When choosing open source issue tracking software look for community support. Consider your goals for the software, and any constraints you may have in implementing and using it. You may wish to evaluate your project development team and its needs, along with the organizations needs. As a part of the analysis, include the technology you have available and your ability to add new technology to support the issue tracking software.
A key tip is to look for software that has a strong development and support community. Open source applications are supported by volunteers. Choosing an open source issue tracker that has vibrant community increases the chances the product will be maintained.
The size and number development projects and the location of project team members may influence your decision. If your current development efforts are small, but you expect they will grow, you’ll want open source issue tracking software that is scalable to meet your future needs. Organizations who have team members in different countries may find looking for issue trackers that have localization is a key tip.
For some organizations, the ability to customize the issue tracker may be important. If you feel you may want to customize, a tip is to check the effect of upgrading in the future. You may want to reduce reworking customizations when possible.
Another tip is to review the reporting functionality of the issue tracking software. Ideally, the software will have standard reports you find useful. If not, verify that it is easy to create custom reports.
The workflow features will be critical in helping you gain the most benefit from your open source issue tracking software. One tip is to flowchart your proposed workflow, and look for issue tracking software that can accommodate your process. Time tracking features can also aid in project management.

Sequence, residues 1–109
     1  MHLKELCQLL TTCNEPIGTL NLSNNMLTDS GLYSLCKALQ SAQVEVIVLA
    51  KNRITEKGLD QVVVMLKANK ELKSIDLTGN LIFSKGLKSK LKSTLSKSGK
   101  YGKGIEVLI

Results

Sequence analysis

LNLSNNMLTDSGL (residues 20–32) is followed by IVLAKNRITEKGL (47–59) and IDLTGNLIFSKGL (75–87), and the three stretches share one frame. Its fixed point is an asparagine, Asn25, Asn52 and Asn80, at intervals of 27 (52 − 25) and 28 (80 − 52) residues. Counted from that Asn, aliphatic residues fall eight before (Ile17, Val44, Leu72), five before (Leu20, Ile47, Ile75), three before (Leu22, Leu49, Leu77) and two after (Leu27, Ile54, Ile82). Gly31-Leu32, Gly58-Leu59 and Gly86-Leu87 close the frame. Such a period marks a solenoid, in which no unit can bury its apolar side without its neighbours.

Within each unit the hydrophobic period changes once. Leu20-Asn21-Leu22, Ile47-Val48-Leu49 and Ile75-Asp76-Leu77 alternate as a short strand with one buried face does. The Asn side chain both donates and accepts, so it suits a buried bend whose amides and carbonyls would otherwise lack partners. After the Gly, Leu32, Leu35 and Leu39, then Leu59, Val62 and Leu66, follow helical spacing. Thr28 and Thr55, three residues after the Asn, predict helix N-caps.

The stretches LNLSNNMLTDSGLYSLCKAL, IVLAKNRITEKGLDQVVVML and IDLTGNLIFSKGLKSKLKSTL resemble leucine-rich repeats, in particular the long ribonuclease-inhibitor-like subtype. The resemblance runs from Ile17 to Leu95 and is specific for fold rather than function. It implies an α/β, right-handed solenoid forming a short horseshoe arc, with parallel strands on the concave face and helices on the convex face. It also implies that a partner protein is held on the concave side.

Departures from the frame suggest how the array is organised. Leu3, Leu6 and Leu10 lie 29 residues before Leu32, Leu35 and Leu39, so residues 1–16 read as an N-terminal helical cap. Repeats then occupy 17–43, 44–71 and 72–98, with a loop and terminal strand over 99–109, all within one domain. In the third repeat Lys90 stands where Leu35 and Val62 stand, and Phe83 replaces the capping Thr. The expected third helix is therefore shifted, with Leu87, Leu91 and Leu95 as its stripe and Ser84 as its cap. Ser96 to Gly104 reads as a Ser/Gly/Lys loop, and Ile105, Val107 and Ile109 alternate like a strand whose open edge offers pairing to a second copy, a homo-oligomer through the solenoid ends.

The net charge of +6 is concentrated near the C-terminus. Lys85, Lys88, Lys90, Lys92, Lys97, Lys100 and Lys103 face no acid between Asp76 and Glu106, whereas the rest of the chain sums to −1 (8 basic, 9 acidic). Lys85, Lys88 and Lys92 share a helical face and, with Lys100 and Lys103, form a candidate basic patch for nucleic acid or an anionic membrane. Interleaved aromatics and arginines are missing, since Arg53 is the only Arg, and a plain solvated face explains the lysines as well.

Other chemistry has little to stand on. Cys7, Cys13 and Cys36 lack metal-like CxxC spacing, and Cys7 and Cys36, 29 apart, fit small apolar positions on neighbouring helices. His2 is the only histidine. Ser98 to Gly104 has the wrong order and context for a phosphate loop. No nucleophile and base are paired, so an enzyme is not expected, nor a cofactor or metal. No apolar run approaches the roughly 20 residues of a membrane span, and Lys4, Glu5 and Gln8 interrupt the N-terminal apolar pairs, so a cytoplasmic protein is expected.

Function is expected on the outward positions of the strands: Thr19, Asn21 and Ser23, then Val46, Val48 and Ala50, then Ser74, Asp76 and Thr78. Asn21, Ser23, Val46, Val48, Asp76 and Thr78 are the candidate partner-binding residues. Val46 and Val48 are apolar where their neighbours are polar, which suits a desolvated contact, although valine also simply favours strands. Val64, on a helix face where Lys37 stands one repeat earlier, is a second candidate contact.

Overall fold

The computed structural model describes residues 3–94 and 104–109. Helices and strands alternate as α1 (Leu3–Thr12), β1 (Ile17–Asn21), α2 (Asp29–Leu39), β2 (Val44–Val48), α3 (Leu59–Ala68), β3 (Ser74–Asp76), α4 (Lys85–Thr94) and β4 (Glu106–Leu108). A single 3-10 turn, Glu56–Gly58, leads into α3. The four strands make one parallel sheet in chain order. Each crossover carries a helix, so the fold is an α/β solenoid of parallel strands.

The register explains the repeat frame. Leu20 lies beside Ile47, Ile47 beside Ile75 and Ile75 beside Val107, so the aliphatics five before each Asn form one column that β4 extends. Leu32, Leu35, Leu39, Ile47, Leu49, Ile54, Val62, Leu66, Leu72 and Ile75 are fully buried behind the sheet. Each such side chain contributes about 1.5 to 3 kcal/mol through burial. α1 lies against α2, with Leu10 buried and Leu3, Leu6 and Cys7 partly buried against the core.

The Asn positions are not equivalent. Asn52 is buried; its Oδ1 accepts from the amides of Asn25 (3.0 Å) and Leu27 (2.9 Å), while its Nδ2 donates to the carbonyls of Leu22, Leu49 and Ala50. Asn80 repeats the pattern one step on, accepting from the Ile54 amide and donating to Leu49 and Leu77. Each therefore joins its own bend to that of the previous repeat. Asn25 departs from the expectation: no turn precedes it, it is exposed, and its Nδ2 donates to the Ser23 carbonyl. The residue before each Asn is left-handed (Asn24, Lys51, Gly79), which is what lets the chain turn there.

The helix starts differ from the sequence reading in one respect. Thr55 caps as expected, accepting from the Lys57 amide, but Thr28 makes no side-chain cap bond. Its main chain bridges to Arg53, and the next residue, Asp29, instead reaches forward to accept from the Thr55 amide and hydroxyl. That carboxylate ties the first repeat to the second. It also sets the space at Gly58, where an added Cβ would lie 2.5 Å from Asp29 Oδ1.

Depending on your organization and the types of projects you are working on, robust security may be essential. Smaller, close-knit development shops that work on nonessential projects may find simple security is sufficient. Larger shops that work on critical projects will likely have strict security requirements. It is often important to have role-based security, which means allowing certain roles to execute certain tasks. For an example, a business user may be allowed to add an issue, but only quality analyst is allowed to resolve the issue.
Search functionality will quickly become important in managing even smaller, less complex projects. A tip is to look for issue trackers that a variety of search methods. It can be frustrating to users to spend excessive time searching for issues because of inadequate search functionality.
Review the technology requirements of the open source issue tracking software. If you choose software that needs different servers or database engines than you have, ensure that your organization is willing to invest in updating these. These may be open source tools as well, but they may take time to install and configure. A final tip is to consider whether your issue tracker needs to integrate with others systems.